A new digital hub created by the NYC Children’s Cabinet offers a one-stop shop of city events, programs and services designed to support the health, development and safety of children and families. “Growing Up NYC is a wonderful digital how-to resource to help parents navigate raising children in New York City —which we all know can be tough,” First lady Chirlane McCray said in a statement Friday.
Image © Matthew Richmond
It’s no secret that families are ditching Manhattan for Brooklyn or the Suburbs, where they can get more space for their money and maybe even a backyard, but a new report shows the shifting dynamics of those families who decide to stay in the big city.
According to amNY, the analysis conducted by AddressReport.com shows that only 6 percent of households in Hell’s Kitchen and the Financial District have a child under 18 living in them, and in neighborhoods like Midtown, Soho, the West Village, and Gramercy, most of which are often thought of as more family-friendly, only 7 percent of households have at least one youngster. To be expected, Battery Park City is ranked as the most child-friendly neighborhood, where 36 percent of households have a child. Another shoo-in is Tribeca at 26 percent. Surprisingly, East Harlem at 32 percent, Harlem at 29 percent, and the Lower East Side at 20 percent round out the top five, none considered traditionally family-oriented.
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Images: High Line © Iwan Baan (L); Bohemian apartment © Incorporated Architecture & Design (R)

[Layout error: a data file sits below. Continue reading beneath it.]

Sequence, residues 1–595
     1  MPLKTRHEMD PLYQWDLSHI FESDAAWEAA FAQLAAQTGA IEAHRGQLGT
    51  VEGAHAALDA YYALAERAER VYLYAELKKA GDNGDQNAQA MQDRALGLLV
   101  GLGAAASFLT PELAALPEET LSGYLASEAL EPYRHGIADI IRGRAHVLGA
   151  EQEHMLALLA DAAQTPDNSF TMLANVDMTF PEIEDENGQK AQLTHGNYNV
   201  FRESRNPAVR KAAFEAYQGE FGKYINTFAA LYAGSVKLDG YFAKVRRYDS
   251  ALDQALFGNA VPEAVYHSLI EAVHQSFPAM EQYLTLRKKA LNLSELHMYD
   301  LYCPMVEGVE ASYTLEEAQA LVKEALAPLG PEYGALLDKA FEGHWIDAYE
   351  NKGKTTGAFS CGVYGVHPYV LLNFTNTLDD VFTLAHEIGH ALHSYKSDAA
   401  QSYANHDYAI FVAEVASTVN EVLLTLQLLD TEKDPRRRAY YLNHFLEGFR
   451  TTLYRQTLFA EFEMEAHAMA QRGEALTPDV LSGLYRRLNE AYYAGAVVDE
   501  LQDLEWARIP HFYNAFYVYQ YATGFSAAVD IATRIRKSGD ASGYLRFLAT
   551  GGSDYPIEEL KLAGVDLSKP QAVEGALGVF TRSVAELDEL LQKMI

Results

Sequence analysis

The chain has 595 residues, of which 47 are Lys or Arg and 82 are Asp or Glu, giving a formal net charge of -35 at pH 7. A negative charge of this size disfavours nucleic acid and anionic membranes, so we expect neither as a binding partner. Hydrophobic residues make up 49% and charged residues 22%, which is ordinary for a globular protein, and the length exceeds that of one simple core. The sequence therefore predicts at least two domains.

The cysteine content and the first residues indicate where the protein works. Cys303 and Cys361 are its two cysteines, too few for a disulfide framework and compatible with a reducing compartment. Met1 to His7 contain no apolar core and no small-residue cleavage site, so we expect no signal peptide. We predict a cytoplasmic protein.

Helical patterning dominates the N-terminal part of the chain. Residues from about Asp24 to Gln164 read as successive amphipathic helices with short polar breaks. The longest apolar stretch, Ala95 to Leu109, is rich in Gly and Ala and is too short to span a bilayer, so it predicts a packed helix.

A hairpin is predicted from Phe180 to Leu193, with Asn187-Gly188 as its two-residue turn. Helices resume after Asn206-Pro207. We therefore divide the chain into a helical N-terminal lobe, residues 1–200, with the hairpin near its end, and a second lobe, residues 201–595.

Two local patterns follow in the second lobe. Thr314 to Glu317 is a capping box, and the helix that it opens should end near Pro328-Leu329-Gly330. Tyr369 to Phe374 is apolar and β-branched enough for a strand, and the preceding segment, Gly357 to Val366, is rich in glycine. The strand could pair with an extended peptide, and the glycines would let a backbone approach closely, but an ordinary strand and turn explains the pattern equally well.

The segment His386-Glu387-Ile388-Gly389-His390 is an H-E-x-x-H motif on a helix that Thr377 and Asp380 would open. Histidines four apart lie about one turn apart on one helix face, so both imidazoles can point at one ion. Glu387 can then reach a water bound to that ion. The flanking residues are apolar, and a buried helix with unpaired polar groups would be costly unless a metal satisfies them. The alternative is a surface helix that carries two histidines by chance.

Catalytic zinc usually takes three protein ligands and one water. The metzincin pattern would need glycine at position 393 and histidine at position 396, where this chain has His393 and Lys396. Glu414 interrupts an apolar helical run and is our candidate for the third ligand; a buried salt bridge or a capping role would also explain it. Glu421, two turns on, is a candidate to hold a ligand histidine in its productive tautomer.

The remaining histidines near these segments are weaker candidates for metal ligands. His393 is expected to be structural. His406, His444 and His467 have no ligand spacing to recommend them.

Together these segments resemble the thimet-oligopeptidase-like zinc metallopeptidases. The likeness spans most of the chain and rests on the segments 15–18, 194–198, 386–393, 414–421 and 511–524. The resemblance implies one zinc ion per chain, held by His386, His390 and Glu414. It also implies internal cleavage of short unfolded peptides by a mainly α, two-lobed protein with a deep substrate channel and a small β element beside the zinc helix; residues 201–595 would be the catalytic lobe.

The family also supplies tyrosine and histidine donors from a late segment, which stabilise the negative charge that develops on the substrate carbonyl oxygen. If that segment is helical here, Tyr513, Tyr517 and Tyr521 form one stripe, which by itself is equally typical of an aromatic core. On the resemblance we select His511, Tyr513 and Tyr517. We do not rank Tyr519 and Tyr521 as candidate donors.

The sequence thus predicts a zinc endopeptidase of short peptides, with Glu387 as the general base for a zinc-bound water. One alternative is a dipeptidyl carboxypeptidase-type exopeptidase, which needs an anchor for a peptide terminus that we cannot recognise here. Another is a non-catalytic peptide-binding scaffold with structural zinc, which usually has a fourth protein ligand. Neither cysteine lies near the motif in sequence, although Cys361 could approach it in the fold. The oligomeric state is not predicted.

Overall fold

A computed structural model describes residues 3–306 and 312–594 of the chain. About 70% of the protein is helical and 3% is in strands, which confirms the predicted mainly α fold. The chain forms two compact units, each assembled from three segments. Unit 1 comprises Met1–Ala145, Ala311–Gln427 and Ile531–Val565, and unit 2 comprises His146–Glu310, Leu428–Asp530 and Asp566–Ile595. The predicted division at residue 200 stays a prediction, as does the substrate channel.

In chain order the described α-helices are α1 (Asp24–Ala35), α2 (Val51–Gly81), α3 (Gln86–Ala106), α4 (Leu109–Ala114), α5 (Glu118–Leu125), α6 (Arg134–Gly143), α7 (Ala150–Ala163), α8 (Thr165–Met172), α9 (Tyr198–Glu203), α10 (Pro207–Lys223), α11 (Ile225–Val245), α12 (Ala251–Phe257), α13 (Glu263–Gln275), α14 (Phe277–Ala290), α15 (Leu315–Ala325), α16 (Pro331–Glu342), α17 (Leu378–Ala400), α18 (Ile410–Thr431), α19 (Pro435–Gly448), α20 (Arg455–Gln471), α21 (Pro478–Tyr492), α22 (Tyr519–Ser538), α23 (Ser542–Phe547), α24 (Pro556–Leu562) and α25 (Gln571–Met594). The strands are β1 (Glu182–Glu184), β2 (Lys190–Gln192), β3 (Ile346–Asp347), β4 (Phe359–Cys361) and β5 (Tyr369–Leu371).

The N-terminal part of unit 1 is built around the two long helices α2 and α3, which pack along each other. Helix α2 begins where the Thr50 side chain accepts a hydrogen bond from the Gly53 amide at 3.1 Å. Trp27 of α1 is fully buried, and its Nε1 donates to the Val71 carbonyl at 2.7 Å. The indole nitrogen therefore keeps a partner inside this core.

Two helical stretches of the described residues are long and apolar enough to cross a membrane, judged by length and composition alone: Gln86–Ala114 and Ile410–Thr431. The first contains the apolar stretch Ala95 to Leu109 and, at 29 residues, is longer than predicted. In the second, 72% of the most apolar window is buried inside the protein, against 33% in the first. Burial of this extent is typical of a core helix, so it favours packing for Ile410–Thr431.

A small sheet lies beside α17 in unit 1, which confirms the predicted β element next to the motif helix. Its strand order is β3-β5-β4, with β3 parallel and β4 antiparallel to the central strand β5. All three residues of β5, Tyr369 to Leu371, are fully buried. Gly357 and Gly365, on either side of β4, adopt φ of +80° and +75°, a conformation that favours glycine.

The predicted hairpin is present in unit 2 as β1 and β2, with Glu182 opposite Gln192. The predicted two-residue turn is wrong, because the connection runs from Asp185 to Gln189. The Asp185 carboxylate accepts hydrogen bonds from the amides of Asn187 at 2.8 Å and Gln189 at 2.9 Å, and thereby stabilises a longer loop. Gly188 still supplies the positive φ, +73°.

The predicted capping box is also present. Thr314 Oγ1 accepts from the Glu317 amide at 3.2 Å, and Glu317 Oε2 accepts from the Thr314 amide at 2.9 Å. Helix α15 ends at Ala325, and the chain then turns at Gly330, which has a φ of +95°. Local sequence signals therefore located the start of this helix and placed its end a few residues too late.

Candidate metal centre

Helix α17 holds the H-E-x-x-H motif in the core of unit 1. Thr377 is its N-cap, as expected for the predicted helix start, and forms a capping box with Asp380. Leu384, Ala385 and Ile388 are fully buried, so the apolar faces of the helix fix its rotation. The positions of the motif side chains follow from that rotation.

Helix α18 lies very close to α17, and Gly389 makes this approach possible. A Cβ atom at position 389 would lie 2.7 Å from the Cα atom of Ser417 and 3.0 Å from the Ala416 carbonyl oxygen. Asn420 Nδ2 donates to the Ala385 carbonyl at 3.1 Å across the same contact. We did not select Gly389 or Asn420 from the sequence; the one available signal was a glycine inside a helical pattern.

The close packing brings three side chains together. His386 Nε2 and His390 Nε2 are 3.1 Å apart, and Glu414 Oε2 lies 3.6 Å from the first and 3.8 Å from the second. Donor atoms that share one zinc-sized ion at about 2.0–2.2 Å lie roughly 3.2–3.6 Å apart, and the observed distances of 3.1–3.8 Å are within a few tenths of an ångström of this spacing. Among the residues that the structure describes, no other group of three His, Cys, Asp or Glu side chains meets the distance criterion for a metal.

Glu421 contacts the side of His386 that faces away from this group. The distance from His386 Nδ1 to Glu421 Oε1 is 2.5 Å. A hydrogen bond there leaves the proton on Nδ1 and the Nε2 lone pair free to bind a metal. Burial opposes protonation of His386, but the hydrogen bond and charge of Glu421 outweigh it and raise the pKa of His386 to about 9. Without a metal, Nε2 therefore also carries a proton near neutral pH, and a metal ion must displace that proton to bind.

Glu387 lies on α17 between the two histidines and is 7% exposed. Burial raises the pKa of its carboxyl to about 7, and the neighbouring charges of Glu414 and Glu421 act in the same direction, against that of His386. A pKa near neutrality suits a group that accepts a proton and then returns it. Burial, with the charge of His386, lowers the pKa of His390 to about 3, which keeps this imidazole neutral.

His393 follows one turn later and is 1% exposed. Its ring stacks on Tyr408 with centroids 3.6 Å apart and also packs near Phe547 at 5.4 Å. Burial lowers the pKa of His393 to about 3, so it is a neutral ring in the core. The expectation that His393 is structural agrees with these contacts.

We talked to five families currently raising school-age (or soon-to-be) children in New York City’s many diverse and multifaceted neighborhoods about why they pick city living over the suburbs. What are your feelings on the age-old debate?
The ‘American Dream’ may have dominated the last few decades, causing a mass exodus to the suburbs, but today’s families are reversing the trend and turning their attention back to the city. The reasons are many: An appreciation for cultural offerings, the camaraderie and creative cross-pollination of networks of colleagues, friends and family, the convenience of being able to walk or bike to school, work or child care without a long commute—just to name a few. New York City has always been a haven for the forward-thinking, albeit a challenging one. And its newly-”discovered” outer boroughs as well as an unprecedentedly low crime rate have made the city a prime choice for family living.
But what is it about those city kids—the ones with parents who planned from the start to raise their kids in a non-stop urban environment? We interrupted the busy schedules of five families currently raising school-age (or soon-to-be) children in New York City’s many diverse and multifaceted neighborhoods to get some insight about why they wouldn’t have it any other way.